Adrienne Rich - Section 2 of Snapshots of a Daughter-in-Law (0'54"). Rich read the title sequence of her 1963 volume in a set recorded at Cornell in 1985. All ten sections can be heard here (8'12"). • Section two is cited by Rich in her famous essay "When We Dead Awaken," first delivered as an MLA talk in 1971 and revised for publication in 1972 and 1978. The essay concludes with this sharp assessment of the state of patriarchal poetry as the seventies commenced:
To the eye of a femininist, the work of Western male poets now writing reveals a deep, fatalistic pessimism as to the possibilities of change, whether societal or personal, along with a familiar and threadbare use of women (and nature) as redemptive on the one hand, threatening on the other; and a new tide of phallocentric sadism and overt woman-hating which matches the sexual brutality of recent films. "Political" poetry by men remains stranded amid the struggles for power among male groups; in condemning U.S. imperialism or the Chilean junta the poet can claim to speak for the oppressed while remaining, as male, part of a system of sexual oppression. The enemy is always outside the self, the struggle somewhere else. The mood of isolation, self-pity, and self-imitation that pervades "nonpolitical" poetry suggests that a profound change in masculine consciousness will have to precede any new male poetic—or other—inspiration. The creative energy of patriarchy is fast running out; what remains is its self-generating energy for destruction. As women, we have our work cut out for us.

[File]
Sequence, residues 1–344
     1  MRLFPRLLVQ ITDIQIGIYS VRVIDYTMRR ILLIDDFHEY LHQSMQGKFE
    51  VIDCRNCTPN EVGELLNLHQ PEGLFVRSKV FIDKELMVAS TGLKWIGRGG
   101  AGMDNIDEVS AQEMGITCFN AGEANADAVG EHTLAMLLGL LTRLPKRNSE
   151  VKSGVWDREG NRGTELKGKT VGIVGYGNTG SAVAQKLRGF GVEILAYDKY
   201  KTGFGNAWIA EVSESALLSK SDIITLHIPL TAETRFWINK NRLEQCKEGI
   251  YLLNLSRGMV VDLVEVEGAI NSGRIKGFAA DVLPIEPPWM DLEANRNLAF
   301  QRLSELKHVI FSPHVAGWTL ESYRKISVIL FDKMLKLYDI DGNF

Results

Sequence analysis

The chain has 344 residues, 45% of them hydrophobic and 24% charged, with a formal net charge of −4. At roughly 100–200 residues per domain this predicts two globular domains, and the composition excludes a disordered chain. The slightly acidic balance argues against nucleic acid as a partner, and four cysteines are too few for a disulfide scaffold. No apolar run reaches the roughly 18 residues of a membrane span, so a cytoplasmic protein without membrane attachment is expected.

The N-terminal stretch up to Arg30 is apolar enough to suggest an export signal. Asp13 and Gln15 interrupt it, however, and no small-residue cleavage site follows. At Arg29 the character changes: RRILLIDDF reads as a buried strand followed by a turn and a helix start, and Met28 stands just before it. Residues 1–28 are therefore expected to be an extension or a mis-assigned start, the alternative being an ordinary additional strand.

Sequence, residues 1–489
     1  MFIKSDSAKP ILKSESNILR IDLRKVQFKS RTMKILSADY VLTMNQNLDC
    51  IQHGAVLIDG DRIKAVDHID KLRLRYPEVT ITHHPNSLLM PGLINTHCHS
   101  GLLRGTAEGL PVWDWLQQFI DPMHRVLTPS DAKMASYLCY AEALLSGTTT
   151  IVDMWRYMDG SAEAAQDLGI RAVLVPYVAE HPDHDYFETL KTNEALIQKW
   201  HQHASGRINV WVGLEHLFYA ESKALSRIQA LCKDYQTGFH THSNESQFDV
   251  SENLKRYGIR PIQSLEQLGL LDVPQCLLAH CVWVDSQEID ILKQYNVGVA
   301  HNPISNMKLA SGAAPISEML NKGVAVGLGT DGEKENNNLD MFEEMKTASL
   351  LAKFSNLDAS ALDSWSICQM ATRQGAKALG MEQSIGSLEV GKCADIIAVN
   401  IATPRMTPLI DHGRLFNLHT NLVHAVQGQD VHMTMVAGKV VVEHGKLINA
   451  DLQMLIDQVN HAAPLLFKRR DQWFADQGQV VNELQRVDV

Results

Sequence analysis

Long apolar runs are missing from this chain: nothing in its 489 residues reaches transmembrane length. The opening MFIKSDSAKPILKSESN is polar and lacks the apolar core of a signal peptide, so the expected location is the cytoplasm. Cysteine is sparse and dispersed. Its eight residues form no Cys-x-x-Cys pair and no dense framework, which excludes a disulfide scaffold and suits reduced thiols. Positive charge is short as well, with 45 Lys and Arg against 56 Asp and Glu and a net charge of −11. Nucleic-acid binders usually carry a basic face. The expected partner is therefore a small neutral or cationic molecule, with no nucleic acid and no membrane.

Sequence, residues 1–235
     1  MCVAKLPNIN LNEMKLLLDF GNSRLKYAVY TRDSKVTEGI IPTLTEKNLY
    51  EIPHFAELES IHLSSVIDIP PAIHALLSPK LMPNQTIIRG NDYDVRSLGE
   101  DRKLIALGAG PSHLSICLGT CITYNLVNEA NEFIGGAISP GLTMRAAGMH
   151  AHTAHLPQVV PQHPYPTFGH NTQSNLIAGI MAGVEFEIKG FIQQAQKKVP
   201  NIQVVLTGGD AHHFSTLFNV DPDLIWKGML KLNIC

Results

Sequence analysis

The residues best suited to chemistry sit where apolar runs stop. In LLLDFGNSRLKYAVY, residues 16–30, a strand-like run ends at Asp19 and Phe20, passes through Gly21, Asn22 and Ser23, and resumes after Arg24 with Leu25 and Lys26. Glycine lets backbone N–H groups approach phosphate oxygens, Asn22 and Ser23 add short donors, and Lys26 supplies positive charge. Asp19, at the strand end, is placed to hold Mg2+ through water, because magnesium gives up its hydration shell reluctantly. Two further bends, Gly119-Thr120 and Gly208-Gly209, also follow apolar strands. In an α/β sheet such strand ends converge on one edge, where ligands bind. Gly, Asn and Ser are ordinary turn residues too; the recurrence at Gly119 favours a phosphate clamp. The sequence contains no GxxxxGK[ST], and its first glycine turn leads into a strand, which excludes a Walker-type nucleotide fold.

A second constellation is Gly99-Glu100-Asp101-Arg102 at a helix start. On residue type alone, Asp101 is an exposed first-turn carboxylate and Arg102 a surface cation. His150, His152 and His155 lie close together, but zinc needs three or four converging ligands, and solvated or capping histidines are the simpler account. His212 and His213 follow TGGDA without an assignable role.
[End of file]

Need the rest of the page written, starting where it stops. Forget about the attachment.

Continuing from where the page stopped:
Previously here on Lipstick of Noise, Rich's Divisions of Labor.
Tracklist here. XML feed here. • Elsewhere on Third Factory: index, ensemble, nb.